“It’s important for us to remember here in the US that the likelihood of an outbreak due to bringing back two patients with Ebola virus disease is incredibly small, and that conditions here in the US and other developed nations are such that it is unlikely that such an outbreak, even in the unlikely event that it happened, would spread very far, given the differences in medical care, availability of resources, and differences in funeral practices. That’s not to say we shouldn’t be vigilant, but there is really nothing particularly unusual about Ebola virus other than the rapid onset and severity of the disease it causes.” [SciBMed]

Now, breathe.

Meanwhile —  The CDC reports 11,068 firearm homicides, with a death per 100K of 3.6 [CDC]  The last CDC report showed 39,518 suicides, of which 19,990 were completed with firearms; death per 100K at 12.7. [CDC] Now, if a virus had killed 31,058 people in a single year – that would be a story.  However, we can’t consider the epidemic of gun violence as a public health problem because the GOP controlled House of Representatives refuses a meager $10 million for funding gun violence prevention research. The American Medical Association, the American Psychological Association, and the American Academy of Pediatrics begged for the research funding, but Republicans and the NRA said we simply need to “prosecute more people, not carry out more studies.”   [ProPublica]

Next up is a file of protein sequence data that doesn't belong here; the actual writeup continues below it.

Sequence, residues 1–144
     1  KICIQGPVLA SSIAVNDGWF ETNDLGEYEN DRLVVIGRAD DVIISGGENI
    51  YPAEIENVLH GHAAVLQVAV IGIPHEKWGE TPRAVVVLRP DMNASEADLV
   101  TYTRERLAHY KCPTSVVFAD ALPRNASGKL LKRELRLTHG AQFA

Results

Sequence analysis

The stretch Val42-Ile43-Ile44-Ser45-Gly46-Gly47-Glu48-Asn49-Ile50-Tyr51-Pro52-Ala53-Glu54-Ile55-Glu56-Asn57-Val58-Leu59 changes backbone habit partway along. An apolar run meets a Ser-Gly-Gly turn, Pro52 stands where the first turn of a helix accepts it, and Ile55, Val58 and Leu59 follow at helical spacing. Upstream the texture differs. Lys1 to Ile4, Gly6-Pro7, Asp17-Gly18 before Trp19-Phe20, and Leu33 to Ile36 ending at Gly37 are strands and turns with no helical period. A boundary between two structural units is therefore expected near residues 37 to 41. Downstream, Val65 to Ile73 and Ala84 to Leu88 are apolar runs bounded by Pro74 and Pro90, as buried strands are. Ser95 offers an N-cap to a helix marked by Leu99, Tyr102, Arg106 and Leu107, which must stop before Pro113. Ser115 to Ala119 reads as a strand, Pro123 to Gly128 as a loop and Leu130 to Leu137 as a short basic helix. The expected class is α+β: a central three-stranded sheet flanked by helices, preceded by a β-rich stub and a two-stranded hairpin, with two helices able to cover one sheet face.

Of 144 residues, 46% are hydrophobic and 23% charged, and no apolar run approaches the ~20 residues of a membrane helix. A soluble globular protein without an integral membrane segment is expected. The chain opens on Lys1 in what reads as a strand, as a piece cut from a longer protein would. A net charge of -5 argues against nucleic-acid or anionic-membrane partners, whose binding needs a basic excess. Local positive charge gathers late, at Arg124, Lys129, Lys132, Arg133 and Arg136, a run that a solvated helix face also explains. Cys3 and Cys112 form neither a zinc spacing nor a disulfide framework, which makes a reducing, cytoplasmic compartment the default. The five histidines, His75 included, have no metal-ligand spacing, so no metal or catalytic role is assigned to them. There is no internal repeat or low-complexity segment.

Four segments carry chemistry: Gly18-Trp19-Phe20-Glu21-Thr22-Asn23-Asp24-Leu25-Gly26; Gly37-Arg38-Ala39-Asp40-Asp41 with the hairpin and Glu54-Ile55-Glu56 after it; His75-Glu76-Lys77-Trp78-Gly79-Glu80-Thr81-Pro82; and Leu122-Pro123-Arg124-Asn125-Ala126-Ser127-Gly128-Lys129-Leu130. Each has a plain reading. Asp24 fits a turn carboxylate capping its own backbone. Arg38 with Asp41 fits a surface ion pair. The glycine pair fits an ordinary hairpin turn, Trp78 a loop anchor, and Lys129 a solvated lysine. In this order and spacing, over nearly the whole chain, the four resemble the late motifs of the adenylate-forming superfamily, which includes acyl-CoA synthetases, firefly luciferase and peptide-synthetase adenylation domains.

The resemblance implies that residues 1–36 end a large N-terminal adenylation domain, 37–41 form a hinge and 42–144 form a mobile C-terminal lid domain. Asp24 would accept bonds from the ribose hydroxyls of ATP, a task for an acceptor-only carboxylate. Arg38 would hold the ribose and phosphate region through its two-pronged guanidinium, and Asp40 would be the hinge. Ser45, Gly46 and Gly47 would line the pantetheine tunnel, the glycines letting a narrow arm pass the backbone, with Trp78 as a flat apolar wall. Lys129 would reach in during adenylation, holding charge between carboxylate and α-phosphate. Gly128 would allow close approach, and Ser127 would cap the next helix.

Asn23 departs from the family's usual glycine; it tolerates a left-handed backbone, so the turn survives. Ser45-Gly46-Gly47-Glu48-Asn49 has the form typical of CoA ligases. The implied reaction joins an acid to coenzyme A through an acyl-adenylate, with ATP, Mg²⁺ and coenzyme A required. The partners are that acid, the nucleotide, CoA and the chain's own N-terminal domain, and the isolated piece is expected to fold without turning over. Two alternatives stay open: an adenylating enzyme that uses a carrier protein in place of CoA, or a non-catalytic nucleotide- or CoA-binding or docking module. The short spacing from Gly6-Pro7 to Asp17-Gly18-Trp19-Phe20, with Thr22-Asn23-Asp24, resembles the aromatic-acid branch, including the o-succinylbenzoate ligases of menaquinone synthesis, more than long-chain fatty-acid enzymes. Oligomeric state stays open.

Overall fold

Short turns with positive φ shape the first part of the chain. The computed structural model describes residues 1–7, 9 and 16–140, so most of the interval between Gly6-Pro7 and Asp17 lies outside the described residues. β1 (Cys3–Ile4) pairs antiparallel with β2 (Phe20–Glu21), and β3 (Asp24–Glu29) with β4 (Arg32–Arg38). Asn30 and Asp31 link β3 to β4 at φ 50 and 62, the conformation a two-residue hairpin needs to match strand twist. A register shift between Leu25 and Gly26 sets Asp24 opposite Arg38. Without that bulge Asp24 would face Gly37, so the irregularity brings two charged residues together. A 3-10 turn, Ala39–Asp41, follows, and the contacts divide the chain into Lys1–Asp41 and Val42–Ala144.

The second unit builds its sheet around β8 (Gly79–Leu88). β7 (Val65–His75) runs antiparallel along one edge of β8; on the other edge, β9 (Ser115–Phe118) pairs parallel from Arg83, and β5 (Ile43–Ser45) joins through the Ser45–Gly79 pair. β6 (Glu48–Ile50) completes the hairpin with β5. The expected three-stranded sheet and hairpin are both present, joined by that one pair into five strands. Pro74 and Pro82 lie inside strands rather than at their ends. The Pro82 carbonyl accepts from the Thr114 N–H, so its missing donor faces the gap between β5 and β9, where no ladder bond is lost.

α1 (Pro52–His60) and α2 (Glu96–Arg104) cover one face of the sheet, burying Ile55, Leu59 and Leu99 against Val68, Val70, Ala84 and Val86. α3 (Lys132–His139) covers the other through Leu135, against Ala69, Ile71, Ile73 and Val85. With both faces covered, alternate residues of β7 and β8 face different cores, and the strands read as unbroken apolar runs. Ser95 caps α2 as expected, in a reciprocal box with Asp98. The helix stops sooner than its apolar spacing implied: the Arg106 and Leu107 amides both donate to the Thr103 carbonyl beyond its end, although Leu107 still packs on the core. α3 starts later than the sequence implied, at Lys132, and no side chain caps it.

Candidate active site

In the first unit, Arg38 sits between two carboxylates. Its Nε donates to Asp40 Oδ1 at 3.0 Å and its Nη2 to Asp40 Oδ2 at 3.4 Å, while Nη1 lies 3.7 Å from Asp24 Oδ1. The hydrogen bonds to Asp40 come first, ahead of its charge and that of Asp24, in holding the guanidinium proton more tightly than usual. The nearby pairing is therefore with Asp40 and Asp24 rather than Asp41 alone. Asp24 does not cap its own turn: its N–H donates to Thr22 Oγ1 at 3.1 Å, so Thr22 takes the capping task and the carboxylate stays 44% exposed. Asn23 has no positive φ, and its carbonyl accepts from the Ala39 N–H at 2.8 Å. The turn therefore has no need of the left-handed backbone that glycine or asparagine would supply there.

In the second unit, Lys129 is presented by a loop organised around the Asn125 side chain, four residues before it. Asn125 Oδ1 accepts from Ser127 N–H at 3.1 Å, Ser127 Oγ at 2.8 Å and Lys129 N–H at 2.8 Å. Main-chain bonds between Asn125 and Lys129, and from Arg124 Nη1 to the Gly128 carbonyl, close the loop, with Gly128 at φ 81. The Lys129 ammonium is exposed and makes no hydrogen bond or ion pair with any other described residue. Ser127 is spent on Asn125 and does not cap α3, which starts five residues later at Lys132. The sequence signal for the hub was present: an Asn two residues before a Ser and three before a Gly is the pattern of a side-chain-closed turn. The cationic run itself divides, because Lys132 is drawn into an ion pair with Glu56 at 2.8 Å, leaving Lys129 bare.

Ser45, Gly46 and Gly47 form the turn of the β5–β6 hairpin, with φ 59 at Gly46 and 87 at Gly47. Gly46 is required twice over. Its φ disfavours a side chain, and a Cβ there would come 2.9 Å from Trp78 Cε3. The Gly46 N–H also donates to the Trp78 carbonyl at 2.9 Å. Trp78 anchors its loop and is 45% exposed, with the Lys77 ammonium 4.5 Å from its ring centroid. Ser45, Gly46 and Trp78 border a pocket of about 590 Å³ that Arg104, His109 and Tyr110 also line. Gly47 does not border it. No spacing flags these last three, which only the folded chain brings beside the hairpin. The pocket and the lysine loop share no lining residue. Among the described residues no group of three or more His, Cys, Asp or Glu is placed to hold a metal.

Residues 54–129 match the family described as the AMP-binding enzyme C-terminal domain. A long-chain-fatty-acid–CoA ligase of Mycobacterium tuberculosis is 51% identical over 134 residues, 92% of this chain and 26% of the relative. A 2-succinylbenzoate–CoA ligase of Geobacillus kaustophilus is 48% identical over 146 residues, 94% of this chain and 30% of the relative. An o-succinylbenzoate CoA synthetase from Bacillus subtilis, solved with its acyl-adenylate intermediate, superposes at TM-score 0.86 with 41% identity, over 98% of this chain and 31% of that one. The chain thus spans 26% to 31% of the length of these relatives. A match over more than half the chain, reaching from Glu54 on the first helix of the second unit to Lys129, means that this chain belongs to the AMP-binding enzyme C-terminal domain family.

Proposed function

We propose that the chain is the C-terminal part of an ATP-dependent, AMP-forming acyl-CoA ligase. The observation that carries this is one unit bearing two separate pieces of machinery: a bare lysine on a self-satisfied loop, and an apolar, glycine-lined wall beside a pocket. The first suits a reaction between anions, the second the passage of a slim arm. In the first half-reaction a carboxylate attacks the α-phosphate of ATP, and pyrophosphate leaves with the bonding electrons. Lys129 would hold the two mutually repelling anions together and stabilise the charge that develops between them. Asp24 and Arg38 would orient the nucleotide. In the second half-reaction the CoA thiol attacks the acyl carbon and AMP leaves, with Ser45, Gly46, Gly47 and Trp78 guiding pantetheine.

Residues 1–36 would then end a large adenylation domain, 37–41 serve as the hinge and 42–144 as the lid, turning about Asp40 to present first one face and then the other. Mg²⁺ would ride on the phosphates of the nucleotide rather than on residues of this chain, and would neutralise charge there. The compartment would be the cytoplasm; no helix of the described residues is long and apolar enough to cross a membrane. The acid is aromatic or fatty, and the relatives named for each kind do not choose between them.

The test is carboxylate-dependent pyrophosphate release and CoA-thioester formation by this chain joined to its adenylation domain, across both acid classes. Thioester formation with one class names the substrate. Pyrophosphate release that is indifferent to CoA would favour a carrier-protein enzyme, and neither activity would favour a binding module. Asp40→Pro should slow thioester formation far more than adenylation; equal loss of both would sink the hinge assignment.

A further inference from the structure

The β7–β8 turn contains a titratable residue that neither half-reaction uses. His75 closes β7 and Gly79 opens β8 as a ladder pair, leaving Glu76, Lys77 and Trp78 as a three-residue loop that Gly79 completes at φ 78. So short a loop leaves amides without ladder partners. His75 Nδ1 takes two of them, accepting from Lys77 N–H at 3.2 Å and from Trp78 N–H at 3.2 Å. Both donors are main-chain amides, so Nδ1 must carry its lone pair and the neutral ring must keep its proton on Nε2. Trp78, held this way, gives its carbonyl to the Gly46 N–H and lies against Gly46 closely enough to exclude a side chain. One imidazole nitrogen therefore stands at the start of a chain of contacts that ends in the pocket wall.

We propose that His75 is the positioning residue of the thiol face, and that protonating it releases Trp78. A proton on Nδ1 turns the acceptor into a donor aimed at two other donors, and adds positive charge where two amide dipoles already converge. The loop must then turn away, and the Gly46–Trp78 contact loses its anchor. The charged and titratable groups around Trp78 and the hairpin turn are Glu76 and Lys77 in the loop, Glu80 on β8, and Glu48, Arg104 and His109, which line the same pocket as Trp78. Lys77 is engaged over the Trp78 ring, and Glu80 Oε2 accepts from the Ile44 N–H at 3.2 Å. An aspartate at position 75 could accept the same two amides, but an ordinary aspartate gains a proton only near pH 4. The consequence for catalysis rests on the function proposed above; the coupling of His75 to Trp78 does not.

Meanwhile – Heart disease will kill 596,577 people in the United States, and another 73,831 will die from Diabetes.  So, faced with this obvious public health problem, what did the U.S. Congress do?  Republicans sponsored a bill to roll back school nutrition standards. [MMA] The implications are obvious, Republicans are favoring the food manufacturing interests over the advice of professional nutrition experts.  Oh, and did we remember that the “School Nutrition Assoc.” receives most of its funding from companies which sell food to schools?